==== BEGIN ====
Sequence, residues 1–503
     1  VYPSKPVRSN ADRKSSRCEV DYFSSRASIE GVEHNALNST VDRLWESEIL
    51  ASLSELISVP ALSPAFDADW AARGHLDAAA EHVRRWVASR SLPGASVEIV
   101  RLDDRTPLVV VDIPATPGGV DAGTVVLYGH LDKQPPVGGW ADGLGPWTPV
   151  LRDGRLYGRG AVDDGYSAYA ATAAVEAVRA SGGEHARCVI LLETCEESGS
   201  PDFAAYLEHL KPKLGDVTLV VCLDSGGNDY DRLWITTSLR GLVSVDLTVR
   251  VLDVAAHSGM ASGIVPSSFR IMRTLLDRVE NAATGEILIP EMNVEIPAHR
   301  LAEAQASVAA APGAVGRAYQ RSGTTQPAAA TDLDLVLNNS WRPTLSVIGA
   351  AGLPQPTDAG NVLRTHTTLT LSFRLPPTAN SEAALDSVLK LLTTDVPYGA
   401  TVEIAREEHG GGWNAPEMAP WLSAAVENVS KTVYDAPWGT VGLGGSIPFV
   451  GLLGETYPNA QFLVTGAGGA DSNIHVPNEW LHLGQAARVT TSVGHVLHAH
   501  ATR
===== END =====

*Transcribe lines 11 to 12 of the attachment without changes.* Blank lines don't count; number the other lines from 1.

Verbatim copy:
   451  GLLGETYPNA QFLVTGAGGA DSNIHVPNEW LHLGQAARVT TSVGHVLHAH
   501  ATR